“Let’s get ready to fire this thing up, we’re on live,” Knecht, the GOP leader, hollered at the crowd, as WECT and WWAY reporters stationed outside the patio prepared to deliver reports with the party in the background.
The mood was more somber on the Democratic Party’s Zoom call, after results from New Hanover County’s 43 precincts cemented the losses of Cohen and Horton in the board of commissioners race.
“Rob [Zapple] is going to be all alone,” Cohen’s husband Jeff said as the final count materialized.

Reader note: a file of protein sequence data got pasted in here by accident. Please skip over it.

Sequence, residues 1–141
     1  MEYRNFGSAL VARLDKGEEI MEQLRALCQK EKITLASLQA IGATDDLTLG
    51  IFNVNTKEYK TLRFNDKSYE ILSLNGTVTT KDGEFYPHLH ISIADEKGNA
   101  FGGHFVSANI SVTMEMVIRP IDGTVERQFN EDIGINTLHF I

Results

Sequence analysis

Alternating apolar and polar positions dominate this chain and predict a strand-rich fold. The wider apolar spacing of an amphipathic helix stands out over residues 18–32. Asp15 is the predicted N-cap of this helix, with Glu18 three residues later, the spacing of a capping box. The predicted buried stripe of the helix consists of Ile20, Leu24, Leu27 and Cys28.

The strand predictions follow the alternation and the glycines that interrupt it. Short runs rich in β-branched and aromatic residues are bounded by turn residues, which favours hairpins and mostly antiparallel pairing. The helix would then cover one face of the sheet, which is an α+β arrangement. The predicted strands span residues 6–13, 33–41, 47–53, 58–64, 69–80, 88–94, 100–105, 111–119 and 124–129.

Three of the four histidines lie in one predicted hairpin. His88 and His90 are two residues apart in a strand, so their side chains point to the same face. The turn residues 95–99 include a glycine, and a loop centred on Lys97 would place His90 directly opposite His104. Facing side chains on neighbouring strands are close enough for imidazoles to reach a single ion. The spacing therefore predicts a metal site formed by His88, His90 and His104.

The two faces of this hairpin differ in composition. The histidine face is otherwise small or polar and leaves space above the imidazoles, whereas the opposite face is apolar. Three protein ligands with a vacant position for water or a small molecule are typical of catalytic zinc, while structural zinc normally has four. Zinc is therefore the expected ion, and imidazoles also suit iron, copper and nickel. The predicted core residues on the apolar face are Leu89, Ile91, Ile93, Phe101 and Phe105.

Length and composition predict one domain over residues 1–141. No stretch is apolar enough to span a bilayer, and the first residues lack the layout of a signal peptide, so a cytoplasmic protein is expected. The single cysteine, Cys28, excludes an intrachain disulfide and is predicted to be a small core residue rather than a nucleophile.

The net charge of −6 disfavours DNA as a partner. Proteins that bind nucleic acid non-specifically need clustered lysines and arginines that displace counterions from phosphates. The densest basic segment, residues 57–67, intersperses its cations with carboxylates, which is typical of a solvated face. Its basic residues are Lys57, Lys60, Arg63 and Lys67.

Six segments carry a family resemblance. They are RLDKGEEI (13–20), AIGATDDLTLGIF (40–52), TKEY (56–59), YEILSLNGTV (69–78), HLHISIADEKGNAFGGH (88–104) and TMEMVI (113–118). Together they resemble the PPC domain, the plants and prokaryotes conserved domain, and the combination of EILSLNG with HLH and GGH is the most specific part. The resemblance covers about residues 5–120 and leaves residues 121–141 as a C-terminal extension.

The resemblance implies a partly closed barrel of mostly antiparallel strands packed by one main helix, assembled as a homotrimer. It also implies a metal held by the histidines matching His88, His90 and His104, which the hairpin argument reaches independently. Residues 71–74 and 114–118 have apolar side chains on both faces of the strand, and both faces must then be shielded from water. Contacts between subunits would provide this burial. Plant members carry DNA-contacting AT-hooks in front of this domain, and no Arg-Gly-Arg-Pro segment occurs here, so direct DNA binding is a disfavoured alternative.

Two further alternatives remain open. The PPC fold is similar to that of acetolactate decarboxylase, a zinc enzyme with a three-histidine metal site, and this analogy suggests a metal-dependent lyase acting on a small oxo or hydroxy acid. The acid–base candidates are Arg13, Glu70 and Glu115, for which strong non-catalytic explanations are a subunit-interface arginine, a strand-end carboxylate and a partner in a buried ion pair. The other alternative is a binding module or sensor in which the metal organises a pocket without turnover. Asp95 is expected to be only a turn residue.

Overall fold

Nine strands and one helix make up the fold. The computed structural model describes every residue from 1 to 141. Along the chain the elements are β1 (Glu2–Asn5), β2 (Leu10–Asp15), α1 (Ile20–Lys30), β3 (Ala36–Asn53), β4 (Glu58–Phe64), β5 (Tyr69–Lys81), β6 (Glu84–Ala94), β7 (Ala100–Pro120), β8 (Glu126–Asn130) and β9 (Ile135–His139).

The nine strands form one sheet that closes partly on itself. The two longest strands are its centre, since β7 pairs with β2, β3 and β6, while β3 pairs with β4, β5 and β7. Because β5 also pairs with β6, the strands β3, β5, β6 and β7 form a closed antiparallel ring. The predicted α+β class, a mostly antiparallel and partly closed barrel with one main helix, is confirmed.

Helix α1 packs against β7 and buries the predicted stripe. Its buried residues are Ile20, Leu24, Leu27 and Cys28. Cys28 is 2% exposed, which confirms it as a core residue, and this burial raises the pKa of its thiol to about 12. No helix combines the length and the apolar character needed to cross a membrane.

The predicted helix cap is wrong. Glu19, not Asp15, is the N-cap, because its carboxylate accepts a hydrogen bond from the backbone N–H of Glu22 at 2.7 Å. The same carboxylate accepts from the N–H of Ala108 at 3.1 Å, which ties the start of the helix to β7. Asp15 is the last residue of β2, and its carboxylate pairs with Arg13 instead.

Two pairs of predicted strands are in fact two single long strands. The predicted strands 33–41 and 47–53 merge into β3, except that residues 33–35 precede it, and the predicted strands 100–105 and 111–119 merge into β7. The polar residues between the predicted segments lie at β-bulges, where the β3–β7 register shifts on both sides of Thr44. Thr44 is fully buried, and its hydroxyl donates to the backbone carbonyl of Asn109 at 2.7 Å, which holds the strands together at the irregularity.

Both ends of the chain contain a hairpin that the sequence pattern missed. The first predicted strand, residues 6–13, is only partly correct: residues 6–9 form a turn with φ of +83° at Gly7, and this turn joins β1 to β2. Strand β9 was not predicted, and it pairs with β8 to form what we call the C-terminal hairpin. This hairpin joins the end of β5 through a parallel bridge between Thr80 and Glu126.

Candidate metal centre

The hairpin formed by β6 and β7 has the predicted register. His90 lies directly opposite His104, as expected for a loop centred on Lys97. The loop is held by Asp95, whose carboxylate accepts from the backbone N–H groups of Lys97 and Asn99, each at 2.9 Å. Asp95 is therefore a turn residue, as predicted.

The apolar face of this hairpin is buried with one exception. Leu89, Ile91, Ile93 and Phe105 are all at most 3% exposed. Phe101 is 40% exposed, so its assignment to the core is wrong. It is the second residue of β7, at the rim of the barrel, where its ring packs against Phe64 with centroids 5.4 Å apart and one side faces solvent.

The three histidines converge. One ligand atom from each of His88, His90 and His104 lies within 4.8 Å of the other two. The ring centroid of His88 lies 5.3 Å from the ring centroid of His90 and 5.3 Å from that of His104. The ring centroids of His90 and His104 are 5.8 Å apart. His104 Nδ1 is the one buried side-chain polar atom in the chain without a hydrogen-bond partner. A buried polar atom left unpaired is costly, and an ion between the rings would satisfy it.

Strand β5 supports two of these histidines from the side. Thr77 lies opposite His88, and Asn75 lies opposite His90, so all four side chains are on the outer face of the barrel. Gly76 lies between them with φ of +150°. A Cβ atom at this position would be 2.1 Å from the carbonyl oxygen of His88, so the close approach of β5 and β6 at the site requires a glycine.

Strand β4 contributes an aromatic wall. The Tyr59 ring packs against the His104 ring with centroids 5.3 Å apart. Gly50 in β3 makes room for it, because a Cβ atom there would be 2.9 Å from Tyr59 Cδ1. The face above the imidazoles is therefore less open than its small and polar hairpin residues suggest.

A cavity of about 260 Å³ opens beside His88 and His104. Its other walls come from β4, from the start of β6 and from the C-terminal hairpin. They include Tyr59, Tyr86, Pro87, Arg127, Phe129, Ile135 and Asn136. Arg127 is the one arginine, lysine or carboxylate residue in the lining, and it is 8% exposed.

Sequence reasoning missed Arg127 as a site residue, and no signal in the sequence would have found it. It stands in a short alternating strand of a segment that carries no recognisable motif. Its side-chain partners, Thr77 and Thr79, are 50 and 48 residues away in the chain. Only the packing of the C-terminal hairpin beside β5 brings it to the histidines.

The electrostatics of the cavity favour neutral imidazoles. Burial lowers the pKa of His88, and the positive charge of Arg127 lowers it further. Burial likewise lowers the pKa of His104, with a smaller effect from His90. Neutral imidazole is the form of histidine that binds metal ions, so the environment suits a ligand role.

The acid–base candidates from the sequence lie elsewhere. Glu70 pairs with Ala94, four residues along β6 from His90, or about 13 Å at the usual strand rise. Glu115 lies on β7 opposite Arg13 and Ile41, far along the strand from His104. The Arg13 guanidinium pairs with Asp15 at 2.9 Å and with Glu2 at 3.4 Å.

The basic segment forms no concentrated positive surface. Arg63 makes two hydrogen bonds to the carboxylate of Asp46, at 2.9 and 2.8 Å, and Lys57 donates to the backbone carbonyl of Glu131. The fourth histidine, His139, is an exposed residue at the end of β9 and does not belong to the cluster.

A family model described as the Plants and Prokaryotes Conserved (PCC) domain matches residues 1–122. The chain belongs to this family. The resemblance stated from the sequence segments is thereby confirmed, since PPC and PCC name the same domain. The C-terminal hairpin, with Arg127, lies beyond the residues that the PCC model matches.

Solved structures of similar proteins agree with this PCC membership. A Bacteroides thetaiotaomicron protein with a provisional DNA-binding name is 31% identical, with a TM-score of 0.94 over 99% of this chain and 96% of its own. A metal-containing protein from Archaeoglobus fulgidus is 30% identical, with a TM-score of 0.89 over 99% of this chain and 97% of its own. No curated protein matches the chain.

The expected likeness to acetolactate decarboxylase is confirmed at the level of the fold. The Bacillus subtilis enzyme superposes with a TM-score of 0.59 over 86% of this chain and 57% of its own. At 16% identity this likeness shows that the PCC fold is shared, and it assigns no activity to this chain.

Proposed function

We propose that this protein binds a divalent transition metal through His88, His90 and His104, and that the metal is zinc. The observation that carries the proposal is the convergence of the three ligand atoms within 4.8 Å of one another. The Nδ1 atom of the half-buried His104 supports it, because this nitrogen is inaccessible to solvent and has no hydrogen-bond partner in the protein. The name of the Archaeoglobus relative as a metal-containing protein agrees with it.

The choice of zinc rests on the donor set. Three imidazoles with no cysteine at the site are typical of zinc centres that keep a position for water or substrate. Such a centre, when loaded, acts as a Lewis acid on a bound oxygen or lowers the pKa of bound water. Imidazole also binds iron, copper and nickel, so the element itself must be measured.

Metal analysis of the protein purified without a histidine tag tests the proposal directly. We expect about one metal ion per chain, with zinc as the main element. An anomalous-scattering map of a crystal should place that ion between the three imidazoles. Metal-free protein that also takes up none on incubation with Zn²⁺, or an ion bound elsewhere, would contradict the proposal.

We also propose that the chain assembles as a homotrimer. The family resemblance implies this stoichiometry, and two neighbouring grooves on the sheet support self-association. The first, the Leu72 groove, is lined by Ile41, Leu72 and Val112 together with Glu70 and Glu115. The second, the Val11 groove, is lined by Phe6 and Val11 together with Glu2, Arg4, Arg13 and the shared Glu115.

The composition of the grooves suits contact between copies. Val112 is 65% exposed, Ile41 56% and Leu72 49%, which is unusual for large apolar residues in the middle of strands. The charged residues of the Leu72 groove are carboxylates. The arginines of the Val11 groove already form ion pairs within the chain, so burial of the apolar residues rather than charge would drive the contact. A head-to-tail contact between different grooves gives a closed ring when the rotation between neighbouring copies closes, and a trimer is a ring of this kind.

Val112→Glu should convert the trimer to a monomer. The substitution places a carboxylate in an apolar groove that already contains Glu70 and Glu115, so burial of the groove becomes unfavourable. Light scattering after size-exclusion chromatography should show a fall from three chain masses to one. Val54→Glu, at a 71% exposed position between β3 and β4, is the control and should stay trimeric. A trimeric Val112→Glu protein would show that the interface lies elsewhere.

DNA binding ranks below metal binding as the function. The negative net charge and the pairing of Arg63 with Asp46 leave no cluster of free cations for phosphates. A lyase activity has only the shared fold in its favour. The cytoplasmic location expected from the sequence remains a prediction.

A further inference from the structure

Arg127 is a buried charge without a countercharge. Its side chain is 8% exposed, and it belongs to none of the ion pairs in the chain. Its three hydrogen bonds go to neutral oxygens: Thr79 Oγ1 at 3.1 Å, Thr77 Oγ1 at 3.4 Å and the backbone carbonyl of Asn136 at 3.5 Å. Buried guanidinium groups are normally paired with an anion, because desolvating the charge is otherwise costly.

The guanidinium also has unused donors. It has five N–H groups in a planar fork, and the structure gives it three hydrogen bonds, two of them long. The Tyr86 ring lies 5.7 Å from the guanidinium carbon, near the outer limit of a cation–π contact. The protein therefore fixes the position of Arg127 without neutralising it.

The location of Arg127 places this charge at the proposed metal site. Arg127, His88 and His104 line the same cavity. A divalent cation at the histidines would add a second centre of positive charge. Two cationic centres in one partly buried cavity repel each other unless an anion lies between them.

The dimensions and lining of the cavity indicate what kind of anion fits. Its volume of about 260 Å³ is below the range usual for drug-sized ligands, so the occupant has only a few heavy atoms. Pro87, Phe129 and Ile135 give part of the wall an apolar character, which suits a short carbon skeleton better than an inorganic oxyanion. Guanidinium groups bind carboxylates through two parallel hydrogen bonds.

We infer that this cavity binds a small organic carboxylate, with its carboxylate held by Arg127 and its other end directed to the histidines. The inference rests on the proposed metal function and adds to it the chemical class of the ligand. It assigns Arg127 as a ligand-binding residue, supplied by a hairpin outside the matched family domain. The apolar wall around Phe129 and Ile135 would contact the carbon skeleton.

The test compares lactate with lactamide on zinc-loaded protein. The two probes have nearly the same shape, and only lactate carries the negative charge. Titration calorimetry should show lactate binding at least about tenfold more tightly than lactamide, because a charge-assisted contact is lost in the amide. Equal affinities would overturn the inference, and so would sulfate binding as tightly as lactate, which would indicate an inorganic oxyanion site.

Participants on the call anguished over Rivenbark’s high Election Day turnout, and pondered aloud about the president’s chances of carrying North Carolina for a second time. After the vast majority of votes across the state were posted, party chair Richard Poole recommended one last collective review of statewide results, which were screen-shared on the Zoom meeting, and then called it a night.
“We’ll look at that, then we’ll all go watch MSNBC,” Poole said.
Meanwhile, Republicans at the yacht club were mostly upbeat and excited, as many local races turned in favor of the GOP, and national media continued to report rolling vote totals in the presidential race.